Companies, governments, and non-government organizations (NGOs) usually use the triple bottom line model for sustainability issues. The three pillars, namely social, economic, and environmental are the backbone of the triple bottom line used for sustainability aspects. Sustainability will influence with, related to context, innovation by itself, process and capacity to sustain (Wiltsey Stirman et al., 2012). Sustainability should be adopted as a goal for the organization. The comprehensive activities of the organization must be sustainable. It is the governing body that plays different characters in creating sustainability, instead than in adopting sustainability as a societal goal (Jennings & Zandbergen, 1995). According to the US National Academy of Science, people are related to the social system, profit with economic systems and finally planet in the environmental system.

Thus, the three pillars are known as triple bottom line (TBL) or 3Ps (People, Planet, and Profit) and its solution can be achieved by balancing the 3Ps. Priorities must be set to achieve the 3Ps so that one P can gain profit with the expenses of another in which each P is important and crucial. It shows that the sustainability has multi-actor characteristics in nature. Thus, according to Achman (2011), sustainability is not a top down solution to balance the 3Ps, but rather it is a consensus solution where stakeholders are involved in the decision-making process. Mulder (2006) defines the 3Ps as follows:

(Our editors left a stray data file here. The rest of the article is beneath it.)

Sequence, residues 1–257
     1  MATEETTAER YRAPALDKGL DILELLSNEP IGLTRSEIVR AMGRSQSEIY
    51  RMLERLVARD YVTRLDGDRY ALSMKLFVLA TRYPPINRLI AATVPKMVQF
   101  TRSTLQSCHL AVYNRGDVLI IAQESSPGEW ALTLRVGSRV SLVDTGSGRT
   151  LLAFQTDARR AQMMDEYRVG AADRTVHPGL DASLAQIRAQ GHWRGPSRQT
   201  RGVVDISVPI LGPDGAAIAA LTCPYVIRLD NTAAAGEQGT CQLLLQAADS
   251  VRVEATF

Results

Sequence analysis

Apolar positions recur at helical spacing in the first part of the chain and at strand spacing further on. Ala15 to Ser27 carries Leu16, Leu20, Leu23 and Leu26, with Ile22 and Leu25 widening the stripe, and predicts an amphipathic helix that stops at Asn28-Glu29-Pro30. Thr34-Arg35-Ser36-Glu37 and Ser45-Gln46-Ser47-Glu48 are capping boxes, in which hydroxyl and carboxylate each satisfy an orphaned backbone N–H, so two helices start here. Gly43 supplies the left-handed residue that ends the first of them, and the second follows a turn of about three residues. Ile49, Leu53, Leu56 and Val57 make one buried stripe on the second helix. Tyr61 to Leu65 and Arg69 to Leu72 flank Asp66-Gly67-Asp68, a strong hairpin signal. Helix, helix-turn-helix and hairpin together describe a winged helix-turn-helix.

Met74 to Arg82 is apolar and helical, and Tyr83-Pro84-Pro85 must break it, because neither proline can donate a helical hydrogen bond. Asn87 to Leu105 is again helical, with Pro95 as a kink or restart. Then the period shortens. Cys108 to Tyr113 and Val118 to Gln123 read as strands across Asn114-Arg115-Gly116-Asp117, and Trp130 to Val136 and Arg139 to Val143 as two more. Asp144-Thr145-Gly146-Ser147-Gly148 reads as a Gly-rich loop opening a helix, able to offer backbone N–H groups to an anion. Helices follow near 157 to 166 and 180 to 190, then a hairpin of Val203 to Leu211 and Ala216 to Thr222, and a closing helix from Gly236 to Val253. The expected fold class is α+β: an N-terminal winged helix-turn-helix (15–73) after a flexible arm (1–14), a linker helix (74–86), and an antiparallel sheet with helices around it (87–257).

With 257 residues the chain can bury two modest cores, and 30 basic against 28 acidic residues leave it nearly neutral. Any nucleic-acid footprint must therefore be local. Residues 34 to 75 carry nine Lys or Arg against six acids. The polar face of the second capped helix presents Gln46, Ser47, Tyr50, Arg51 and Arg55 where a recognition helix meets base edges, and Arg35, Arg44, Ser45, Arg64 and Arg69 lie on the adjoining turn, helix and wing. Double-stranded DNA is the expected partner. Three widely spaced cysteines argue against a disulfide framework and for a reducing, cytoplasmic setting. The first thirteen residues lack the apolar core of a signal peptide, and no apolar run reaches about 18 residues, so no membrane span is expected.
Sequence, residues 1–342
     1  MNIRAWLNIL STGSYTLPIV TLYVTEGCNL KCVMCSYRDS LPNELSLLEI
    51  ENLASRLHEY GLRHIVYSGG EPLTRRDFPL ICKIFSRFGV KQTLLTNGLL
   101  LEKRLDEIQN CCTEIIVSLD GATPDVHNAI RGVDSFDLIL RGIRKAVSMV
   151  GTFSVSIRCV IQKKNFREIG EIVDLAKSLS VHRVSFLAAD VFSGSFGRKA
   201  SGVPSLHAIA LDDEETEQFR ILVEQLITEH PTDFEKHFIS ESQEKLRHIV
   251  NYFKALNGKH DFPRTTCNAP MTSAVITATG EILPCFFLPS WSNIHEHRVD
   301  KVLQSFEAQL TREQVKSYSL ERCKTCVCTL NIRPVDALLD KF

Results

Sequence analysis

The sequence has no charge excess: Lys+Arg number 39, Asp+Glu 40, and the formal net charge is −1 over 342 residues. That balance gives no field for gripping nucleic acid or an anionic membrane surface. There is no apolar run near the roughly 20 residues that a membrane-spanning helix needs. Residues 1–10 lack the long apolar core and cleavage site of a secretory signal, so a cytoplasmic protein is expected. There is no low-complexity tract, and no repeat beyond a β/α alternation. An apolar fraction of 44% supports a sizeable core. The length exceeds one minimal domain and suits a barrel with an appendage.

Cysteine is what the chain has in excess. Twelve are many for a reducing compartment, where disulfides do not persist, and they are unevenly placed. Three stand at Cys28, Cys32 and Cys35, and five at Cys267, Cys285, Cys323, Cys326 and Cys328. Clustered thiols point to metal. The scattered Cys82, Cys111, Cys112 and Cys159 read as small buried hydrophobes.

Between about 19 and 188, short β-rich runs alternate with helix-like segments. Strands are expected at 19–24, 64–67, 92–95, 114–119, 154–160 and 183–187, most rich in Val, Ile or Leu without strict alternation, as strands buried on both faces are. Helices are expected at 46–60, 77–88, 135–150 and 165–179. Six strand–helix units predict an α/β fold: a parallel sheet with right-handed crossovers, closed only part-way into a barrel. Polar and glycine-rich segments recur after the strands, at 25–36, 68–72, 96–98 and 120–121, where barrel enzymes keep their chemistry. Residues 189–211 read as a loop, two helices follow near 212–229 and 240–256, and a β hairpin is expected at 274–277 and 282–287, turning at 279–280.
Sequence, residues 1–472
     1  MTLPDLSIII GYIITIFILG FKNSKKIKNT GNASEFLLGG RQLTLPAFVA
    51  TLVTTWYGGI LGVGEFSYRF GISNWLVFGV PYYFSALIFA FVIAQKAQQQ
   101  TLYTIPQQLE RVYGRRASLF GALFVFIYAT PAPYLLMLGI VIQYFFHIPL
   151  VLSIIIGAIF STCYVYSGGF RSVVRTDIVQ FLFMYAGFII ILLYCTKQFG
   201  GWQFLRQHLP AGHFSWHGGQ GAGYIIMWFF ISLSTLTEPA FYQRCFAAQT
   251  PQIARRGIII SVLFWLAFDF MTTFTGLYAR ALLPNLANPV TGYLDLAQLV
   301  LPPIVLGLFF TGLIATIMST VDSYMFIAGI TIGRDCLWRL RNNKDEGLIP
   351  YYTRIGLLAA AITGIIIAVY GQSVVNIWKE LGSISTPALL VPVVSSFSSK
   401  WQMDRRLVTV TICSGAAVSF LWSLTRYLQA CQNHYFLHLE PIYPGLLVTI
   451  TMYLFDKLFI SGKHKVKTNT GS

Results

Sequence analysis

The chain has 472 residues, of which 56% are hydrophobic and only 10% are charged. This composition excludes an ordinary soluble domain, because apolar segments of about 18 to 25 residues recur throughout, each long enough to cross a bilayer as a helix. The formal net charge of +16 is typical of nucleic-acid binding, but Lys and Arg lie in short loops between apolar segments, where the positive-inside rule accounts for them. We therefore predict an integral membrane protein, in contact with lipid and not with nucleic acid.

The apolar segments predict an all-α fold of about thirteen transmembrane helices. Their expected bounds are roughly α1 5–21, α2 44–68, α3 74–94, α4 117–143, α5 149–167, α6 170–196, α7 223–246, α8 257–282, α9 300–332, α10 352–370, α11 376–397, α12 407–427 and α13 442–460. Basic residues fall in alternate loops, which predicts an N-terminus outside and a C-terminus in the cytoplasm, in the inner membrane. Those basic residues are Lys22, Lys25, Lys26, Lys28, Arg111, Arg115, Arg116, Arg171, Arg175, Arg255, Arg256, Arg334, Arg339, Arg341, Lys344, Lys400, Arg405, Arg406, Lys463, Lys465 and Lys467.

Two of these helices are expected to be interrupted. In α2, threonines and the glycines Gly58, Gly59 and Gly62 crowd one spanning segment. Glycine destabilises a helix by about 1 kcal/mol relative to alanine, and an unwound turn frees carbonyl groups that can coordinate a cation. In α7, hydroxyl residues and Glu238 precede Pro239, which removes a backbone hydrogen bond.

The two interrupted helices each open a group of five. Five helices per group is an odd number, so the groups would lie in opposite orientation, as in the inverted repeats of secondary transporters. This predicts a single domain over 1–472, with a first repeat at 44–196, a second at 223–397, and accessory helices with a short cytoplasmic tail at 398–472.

• Planet: Reaching a balance between the environmental burden and the capacity of the earth to carry environmental burdens.

  • People: Deals with the communities and workers who have a stake in organization activities.

  • Profit: All economic activities must create prosperity for the organization as well as well-being for the employers. It is necessary to distinguish between short-term and long-term perspectives.

Key Terms in this Chapter

Sustainability Indicators: A measurement scale for sustainable development.

Sustainability Strategies: A plan of action or method for achieving sustainability.

Sustainability Challenges: It is an ability to attain sustainability with great effort and determination.

Sustainable Development: It is ability to improve by refining, expanding and enlarging the area to achieve sustainability.

Sustainagility: An ability to solve complex issues, be sustainable and is ready to adapt the change quickly.

Triple Bottom Line (TBL): A combination of people, planet, and profit.

Sustainability: The persistence of the systems and process with basic three pillars.

Sustainability Model: A representative form for sustainable development.